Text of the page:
“Traffic, your two o’clock, three miles, seven thousand five hundred, inbound,” said the tower.
“Looking for traffic,” I replied, squinting my eyes, leaning forward in the cockpit, and scanning the sky above me at my two o’clock. Actually, I’m not supposed to say “looking for traffic.” The proper response is, “negative contact.” But looking is commonly used by pilots, and that was what I was doing.
Looking. Desperately looking.
Then the other plane was two miles from me. Then one. Then, according to the tower, it was, “no factor.” I never did see it. In fact, having done a number of test flights in the busy Santa Fe airspace, and flying out of Santa Fe with Lisa in Warbler during her training, I’ve become aware of just how damn hard it can be to spot other airplanes. Even when they’re very close. And even when someone is telling you where to look.
And that began to worry me.
True, mid-air collisions between two airplanes are exceedingly rare, but they do happen. And we’re at much greater risk than the average airplane, because we’re a slow racer. Yes, it’s true. While Tess is literally the fastest Ercoupe in the world, we’re still among the slowest planes in the Sport Air Racing League. As such, we’re often relegated to the “short course” in races so that we can be back before the beer gets warm and the girls get cold.
Oh dear. I’m told I can’t say such sexist things anymore.
Let me try again… so that we can be back before the rest of the racers fly back to their home bases, re-fuel and clean their planes, have dinner, kiss their kids goodnight, and watch the late show.
The short course is usually just the main race with a few turns lopped off to make it shorter. The goal is to have most of the planes back about the same time for the awards. The problem is that, realistically, this means that I enter the pack somewhere in the middle of the returning racers, and I’m coming in from a different direction. Naturally we have radio procedures and safety protocols, but anything I can do to make Race 53 more visible increases everyone’s safety.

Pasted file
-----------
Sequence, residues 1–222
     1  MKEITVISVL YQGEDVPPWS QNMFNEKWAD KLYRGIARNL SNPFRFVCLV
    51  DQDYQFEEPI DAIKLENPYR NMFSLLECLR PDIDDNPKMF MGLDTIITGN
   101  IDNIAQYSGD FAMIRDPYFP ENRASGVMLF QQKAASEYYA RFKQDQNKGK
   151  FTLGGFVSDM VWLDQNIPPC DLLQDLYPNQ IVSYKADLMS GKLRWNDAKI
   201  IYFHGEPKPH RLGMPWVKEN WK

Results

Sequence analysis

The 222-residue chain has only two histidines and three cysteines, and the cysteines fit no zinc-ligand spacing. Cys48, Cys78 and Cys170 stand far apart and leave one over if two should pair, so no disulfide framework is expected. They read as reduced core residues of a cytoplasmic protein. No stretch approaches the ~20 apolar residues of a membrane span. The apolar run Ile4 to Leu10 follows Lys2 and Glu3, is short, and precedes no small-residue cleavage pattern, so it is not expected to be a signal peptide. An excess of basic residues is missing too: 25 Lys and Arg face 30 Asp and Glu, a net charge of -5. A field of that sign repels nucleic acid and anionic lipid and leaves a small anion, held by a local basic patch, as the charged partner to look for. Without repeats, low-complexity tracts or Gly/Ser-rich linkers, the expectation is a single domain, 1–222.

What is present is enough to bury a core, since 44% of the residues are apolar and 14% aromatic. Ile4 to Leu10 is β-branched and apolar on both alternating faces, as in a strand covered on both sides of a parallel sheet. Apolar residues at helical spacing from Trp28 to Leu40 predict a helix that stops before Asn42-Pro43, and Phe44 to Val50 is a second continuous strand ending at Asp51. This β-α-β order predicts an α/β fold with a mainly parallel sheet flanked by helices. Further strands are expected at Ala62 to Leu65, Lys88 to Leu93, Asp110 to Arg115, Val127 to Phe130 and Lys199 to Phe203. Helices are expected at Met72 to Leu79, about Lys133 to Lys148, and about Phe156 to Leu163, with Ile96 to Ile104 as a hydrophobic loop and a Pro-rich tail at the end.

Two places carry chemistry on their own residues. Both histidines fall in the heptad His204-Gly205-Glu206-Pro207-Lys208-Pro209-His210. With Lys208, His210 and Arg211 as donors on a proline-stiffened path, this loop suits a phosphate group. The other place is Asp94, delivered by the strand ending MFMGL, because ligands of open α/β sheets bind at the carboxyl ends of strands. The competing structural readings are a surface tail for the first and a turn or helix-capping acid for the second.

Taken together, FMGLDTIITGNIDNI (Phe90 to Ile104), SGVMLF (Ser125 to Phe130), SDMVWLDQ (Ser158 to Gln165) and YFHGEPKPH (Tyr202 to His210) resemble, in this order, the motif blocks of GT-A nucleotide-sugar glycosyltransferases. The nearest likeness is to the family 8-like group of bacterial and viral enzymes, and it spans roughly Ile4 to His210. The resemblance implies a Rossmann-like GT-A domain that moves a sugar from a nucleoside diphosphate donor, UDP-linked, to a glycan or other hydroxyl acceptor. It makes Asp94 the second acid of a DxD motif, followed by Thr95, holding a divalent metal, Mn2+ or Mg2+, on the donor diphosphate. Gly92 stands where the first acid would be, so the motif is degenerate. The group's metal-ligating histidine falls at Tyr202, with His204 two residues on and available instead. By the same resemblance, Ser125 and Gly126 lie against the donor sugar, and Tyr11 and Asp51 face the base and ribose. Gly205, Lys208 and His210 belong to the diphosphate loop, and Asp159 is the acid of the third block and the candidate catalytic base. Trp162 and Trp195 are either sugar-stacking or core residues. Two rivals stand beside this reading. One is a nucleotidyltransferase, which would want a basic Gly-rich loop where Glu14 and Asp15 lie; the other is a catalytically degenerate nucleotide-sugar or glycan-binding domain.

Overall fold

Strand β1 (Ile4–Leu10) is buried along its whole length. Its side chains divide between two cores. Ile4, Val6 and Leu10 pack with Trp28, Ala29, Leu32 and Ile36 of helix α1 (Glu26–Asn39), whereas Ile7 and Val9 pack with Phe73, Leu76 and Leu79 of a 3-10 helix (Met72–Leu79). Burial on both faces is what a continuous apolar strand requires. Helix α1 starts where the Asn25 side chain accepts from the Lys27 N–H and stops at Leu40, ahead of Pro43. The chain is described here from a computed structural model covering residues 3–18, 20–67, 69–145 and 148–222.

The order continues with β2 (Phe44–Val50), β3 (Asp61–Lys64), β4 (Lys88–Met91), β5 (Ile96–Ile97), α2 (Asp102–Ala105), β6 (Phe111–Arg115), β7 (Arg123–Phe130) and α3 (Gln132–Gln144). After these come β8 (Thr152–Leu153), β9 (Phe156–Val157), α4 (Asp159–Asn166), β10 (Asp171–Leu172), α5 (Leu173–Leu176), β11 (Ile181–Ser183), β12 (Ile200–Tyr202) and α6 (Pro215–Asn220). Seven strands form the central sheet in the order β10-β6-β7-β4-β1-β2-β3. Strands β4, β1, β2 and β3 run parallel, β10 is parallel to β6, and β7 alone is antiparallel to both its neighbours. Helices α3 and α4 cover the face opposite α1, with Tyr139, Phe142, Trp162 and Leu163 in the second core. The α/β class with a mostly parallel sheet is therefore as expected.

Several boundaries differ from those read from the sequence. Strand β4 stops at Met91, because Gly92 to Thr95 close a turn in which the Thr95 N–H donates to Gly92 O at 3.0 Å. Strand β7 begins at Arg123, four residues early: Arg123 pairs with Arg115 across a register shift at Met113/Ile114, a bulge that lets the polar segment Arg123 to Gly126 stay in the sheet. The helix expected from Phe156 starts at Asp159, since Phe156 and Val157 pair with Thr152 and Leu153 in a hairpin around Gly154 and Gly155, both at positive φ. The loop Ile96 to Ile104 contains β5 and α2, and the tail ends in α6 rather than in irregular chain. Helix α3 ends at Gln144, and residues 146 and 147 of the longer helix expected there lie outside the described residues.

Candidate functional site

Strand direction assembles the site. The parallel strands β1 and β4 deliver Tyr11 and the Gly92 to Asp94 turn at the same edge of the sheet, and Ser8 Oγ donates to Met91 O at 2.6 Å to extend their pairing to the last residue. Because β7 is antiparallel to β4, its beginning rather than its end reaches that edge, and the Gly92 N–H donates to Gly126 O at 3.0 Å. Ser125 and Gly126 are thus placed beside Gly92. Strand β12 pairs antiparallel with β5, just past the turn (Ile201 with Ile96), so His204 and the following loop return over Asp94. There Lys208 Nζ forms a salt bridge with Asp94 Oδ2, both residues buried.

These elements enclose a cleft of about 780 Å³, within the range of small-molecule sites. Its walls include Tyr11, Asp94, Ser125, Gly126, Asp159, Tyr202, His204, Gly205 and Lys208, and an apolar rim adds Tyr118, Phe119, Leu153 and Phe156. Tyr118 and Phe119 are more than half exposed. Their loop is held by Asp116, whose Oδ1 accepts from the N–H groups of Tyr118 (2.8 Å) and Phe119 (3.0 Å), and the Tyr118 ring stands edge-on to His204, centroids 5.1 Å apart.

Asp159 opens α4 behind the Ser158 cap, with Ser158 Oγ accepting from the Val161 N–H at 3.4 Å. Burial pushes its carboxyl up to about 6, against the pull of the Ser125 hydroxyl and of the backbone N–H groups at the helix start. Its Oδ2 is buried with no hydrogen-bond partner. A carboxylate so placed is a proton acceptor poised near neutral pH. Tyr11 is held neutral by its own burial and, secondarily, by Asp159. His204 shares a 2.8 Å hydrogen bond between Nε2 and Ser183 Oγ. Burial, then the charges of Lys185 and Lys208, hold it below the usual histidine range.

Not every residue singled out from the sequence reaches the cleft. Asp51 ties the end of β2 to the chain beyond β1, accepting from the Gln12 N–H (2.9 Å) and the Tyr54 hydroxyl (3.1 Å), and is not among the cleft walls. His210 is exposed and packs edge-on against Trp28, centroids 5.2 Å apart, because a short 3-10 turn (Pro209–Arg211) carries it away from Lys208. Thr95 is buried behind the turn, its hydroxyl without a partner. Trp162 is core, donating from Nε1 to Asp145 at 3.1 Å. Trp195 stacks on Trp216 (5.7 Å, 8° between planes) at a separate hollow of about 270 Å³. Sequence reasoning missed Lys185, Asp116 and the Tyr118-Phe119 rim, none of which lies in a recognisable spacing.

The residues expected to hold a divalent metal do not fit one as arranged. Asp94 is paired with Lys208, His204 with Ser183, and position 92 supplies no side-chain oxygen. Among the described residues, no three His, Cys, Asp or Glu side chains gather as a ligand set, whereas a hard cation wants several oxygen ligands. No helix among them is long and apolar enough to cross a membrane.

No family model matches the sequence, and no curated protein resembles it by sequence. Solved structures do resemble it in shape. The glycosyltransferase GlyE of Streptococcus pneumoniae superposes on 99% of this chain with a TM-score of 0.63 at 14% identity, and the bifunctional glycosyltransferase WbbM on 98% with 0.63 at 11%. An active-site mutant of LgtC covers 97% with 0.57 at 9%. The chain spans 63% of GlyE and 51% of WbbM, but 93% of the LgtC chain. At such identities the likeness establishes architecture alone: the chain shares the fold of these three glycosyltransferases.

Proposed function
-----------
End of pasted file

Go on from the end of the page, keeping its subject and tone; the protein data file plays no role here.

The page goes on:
My first thought for increasing my visibility was to get a smoke system like air show planes have. I could let out a long stream of smoke as I approached the pack. Plus, it would make for a crowd-pleasing checkered-flag finish line drama. I had that thought about three years ago, but it’s no simple thing for a certified airplane to get a smoke system. There’s a lot of paperwork with the FAA. I hounded my mechanic about it for about a year and a half before he caved and agreed to take it on. But then, when we got into the nitty-gritty of it, the smoke oil tank couldn’t be installed under the baggage compartment floor like I had envisioned. It would have to be above the floor, where it would take up nearly half my storage. As much as I wanted to be able to say, “Smoke on!” it was too much of a sacrifice of Tess’s utility. And then, of course, we had our long-running series of serious maintenance headaches, breakdowns, and groundings, and I haven’t been racing much, so I hadn’t been thinking about it.
Until the other plane passed by me as unseen as a ghost plane.
Of course, we fly with flashing strobes on our wingtips and our landing lights turned on. Modern landing lights are super-bright LEDs that use precious little power and, unlike traditional light bulbs, last pretty much forever. That makes us more visible. But there’s a way to take it up a notch, and that’s the charmingly-named Wig-Wag.
A Wig-Wag controller turns your landing light system into an aerial discotheque. Only, you know, without the music from the Bee Gees. So with the plane down once again, and with plenty of time on my hands, I started researching Wig-Wags and was pleasantly surprised to quickly locate one that was actually pre-approved for our airplane. It’s called the MaxPulse, and it’s a simple solid-state control switch that gets spliced into the wiring between the lights and the master switch. It’s surprisingly affordable, as airplane stuff goes, and my mechanic thought the installation would be a breeze, as airplane stuff goes.
All things being equal, it seemed like cheap insurance, so I said, “Let’s do it.”
The MaxPulse, once installed, will let our landing lights still work as landing lights at night, but during the day there are four different options:
- Both the landing lights, which are mounted in the leading edges of Tessie’s wings just inside her racing stripes, can flash at the same time like giant strobe lights. Poof. Poof. Poof. Poof. Forty-four pulses per minute.
- Or they can wag back and forth. Left one on, right one off. Right one on, left one off. This is officially called alternating, but in the common tongue, this is our Wig-Wag. It really catches the eye in the air. Poof. Piff. Poof. Piff. Also at forty-four pulses per minute. Or….
- It can wig-wag at eight-eight pulses per minute. Poof-Piff-Poof-Piff. Or…
- It can wig-wag at one hundred frickin’ twenty pulses per minute. PoofPiffPoofPiff.
We’ll have to experiment to figure out which option makes our speedy slow racer the most visible, but there’s no doubt that we’ll be able to light up the day.
It’s not smoke, but it’ll do.